Review: Debris

Toby Stinson 30 October 2019

It took a while before I noticed Michael (James Rodgers) behind the sofa, sheepishly peeping out from behind a suitably stained sofa and making unnerving eye-contact as the audience took their seats.

The image was set of a hard home and difficult upbringing, with toys scattered about the stage, one stained blanket over one worn sofa and a single, bare lightbulb hanging from the ceiling. This is Debris, the Corpus Playroom’s Week 3 Main, and the set design certainly lets the audience feel that this is degradation, rubbish, the fallout from some incident, that these children were growing up in. It traces the stories of two siblings, Michael and Michelle (Orli Vogt-Vincent), as they relate anecdotes from their troubled upbringing: disturbing violence, comic misunderstandings and the utterly surreal all in abundance.

This challenging two-hander is executed with dexterity. Rodgers’ opening monologue is manically captivating, replete with dramatic emphasis, comic timing and nervous ticks that hint at an unsettling madness beneath. His delivery takes the audience to the landscape of his childhood, convincing them they do see the fourteen-foot crucifix he describes, while the disturbing narrative that unfolds is cleverly punctuating by lapses into the colloquial and the comic, the timing judged to perfection.

Image credit: Cora Alexander

This performance is backed to the hilt by Vogt-Vincent’s, following one disturbing monologue with another of a different sort.

Her Michelle is full of self-congratulatory bravado, with a lack of understanding that lets the horror of what she is describing burst through in occasional lines, before it is forgotten once more, covered by the black comedy of chicken, plant-babies and a self-aware foetus.

When these two dysfunctional siblings come together, the intensity lifts higher, their line-sharing executed to add to another layer of dramatic tension and narrative distortion on to the already intriguing story. The audience is captured by their duologue, the words flitting from one sibling to the other, coloured and contradicted by both perspectives, overlapping and linking from one line to the next. However, as these episodes unfold there is an increasing revelation of these characters’ brokenness, their animated storytelling punctuated by throw-away comments that are distinctly heart-breaking: ‘I had seen this before…on TVs…This was how people lived, perhaps.’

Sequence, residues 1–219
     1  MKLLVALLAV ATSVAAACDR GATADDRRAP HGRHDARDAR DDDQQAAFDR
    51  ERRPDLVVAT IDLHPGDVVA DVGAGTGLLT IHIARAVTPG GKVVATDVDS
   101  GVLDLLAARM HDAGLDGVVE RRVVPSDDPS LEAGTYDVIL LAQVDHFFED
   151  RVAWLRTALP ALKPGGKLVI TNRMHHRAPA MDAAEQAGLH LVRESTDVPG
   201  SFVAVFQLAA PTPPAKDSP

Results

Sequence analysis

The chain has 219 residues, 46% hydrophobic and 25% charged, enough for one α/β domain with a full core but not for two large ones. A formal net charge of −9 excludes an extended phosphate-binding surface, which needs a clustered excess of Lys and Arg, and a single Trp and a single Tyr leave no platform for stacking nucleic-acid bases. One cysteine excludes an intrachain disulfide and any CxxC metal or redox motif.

Image credit: Cora Alexander

Lighting and sound punctuates the play, flashing colours separate Michael from Michelle and past from present, while music is used in bursts as a layer of dramatic irony, its happiness contrasting the often disturbing note left hanging in the air.

Despite this, Debris does risk losing its impact in the repetitive structure of the performance. After a few rotations of Michael and Michelle the audience begins to know what to expect and the extended monologues can begin to lose their boldness. However, the performance was just the right length to stop it getting bogged-down in its form, while the power of the deliveries and the intrigue of each unfolding episode was enough to keep the audience’s attention fixed.

Image credit: Cora Alexander

Underneath all the drama, excitement and black humour Debris shows two children who have been left to fend for themselves, piecing together life, emotions and reality, through the medium of a baby named Debris.

4 stars.

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